This is a base transparent glaze recipe developed for cone 6. It is known as the 20x5 or 20 by 5 recipe. It is a simple 5 material at 20% each mix and it makes a good home base from which to rationalize adjustments.
The purpose of this page is not just to publish another recipe and throw you to the Glaze Dragon. For many the 'glaze recipe culture' and addiction to undocumented 'naked formulas' has meant countless 'blind alleys', years of wasted efforts, and gradual abdication of control to recipes that overstay their welcome and teach nothing. It has fostered a generation of ceramists with numbed consciences regarding their accountability for glazed ware they give or sell to others. The purpose here is to give you a 'starting point' so that you can exercise a degree of control over a base glaze to vary its color, surface, expansion, variegation, melting temperature, etc. This article links to other recipes that grew from this one. Other also have done the same, for example Ron Roy developed this into Base 1 in the book Mastering Cone 6 Glazes. I also want to raise your expectations with regard to your glazes. We also have starting points for cone 10, 6 and 06 glazes. If you decide to just take a recipe from this page and try it without understanding it you will need the Potter's Prayer (see links) also.
There is a lot of merit in having a base gloss recipe that satisfies as many of the above requirements as possible and is adjustable. Adjustments can be rationalized in terms of this base glaze recipe and formula. A gloss glaze can even be a base for a matte version.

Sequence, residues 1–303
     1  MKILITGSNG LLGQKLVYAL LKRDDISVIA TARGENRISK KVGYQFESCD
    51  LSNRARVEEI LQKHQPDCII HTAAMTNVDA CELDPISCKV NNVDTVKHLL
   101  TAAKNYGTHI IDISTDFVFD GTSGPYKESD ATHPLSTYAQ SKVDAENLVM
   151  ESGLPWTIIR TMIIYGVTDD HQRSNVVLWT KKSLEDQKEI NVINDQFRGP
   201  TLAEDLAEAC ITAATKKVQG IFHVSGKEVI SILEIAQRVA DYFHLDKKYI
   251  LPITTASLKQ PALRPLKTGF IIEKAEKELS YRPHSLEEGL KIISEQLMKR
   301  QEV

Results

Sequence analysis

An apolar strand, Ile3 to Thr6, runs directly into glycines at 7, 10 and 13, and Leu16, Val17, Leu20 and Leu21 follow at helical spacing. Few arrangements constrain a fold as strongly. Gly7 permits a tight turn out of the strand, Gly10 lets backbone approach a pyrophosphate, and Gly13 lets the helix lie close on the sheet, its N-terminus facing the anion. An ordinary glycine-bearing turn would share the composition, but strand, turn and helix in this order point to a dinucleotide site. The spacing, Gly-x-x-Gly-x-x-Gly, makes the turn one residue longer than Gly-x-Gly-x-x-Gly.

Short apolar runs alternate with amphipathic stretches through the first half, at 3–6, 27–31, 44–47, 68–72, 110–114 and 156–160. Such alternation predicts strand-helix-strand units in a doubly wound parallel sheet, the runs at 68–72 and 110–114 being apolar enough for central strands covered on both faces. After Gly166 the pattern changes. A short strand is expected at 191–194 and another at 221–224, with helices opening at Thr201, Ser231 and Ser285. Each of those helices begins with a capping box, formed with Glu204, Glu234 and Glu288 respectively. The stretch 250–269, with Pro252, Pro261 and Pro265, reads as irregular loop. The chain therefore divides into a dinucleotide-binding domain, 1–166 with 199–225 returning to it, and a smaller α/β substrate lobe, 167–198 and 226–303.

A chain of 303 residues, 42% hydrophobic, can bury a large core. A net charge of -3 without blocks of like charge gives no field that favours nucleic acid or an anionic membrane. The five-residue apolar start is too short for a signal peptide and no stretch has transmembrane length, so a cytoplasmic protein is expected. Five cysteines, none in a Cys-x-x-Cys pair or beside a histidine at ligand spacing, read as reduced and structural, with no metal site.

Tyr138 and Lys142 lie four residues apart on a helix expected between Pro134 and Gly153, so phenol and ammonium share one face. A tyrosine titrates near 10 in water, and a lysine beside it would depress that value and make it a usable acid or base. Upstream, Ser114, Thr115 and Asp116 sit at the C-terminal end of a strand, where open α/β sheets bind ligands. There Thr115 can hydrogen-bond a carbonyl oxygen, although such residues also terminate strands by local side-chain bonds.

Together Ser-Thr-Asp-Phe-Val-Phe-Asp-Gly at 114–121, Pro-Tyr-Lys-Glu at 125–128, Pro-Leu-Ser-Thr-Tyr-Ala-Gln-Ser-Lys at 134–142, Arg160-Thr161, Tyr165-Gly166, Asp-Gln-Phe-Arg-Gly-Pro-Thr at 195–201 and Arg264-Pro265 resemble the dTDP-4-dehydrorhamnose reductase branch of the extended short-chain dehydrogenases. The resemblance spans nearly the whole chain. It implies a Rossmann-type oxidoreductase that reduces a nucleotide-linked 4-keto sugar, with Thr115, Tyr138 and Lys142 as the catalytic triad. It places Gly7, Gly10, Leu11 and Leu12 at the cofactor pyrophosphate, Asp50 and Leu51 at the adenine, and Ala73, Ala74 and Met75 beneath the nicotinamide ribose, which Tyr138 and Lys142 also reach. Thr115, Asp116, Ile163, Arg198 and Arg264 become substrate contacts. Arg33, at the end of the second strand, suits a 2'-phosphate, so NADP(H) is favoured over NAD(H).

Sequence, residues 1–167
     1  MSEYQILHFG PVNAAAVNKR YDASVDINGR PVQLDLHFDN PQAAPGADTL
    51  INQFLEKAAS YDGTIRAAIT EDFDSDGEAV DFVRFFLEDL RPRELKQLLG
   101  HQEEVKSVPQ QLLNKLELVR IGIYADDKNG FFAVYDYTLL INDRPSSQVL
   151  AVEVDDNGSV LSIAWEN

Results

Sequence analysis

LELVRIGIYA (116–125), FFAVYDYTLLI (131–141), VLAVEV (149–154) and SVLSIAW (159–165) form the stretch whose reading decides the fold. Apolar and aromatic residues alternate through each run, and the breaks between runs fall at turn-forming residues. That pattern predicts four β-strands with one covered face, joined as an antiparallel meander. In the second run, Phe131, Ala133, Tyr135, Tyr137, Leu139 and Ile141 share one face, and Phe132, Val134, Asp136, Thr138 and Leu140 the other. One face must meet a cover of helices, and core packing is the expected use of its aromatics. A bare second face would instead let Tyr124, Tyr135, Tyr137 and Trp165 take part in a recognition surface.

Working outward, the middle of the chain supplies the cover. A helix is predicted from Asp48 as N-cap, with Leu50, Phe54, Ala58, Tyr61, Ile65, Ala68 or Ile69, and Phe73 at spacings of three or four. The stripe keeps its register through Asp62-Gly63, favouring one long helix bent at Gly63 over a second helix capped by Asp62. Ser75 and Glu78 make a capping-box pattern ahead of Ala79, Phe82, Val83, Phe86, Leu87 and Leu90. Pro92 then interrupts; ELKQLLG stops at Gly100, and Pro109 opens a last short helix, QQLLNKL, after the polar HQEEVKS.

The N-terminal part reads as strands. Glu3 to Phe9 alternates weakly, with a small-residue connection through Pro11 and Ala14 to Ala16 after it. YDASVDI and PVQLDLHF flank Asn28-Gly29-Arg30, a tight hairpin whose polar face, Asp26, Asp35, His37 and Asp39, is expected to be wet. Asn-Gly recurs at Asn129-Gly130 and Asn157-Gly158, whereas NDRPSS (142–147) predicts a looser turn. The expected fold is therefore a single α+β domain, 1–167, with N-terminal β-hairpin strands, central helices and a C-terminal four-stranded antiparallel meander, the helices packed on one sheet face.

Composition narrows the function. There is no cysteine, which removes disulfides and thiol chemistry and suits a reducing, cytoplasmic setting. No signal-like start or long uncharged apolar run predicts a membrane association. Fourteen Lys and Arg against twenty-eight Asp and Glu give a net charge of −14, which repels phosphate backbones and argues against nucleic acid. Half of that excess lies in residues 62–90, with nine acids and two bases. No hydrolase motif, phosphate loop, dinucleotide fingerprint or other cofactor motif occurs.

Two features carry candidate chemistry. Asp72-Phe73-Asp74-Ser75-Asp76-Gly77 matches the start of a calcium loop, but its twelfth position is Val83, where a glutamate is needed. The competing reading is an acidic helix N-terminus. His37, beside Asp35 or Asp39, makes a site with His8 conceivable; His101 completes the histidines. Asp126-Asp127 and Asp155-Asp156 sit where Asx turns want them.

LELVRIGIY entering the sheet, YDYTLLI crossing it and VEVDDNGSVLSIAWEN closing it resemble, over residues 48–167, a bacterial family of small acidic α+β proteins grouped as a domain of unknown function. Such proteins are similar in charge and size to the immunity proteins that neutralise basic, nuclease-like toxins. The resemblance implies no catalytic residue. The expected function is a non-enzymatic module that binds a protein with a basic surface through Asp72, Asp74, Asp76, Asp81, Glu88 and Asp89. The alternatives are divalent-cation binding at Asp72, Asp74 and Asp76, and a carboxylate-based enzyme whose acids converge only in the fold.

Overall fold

The glaze should have at 20% kaolin if possible to impart good suspension and application properties. I prefer EPK because it flocculates and gels the glaze so it applies without drips, even on dense bisque ware. I do not use ball clay because it contains iron that muddies stain colors, some of which are quite sensitive.
The recipe should have plenty of silica to minimize expansion and produce less crazing. It should have the ability to accept more if the expansion needs to be moved down.
I want to be able to adjust the recipe to make a matte. Calcium mattes based on balanced formulations usually have a threshold amount of CaO (about 0.9) below which the glaze is glossy, above which it suddenly becomes matte. I need at least three times as much CaO as B2O3 for chrome-tin colors also (see below). CaO also has a low expansion compared to sodium and potassium. Thus I would like to have about 0.7-0.8 molar equivalents of CaO and I'd like to have it from a clean reliable source like Wollastonite. It is much better than whiting because it contains additional and beneficial finely dispersed SiO2, it helps to seed crystals when they are wanted, and it has no LOI to create extra bubbles in the glaze (of every 100 grams of whiting in your glaze, 45 go up the chimney!). To get 0.8 CaO we need 20% wollastonite.
I want to use some B2O3 to induce melting and reduce thermal expansion. According to some limit formulas, up to 0.4 B2O3 is normal, this base recipe has only 0.2 (I don't want too much B2O3 because the more there is the less durable the glaze). Increasing B2O3 to 0.3 molar equivalent in this glaze will produce a much more fluid melt (you can go higher if there is adequate alumina to stiffen the melt but this comes at a cost, see below). Thus if the glaze is crazing I can add B2O3, then the more fluid melt will accept more silica and kaolin. SiO2, B2O3, and Al2O3 are all very low expansion oxides so this strategy can be used to take the expansion much lower. However remember that if B2O3 is above about 10% it can begin to increase glaze expansion (here it is only 5% so there is plenty of room to move).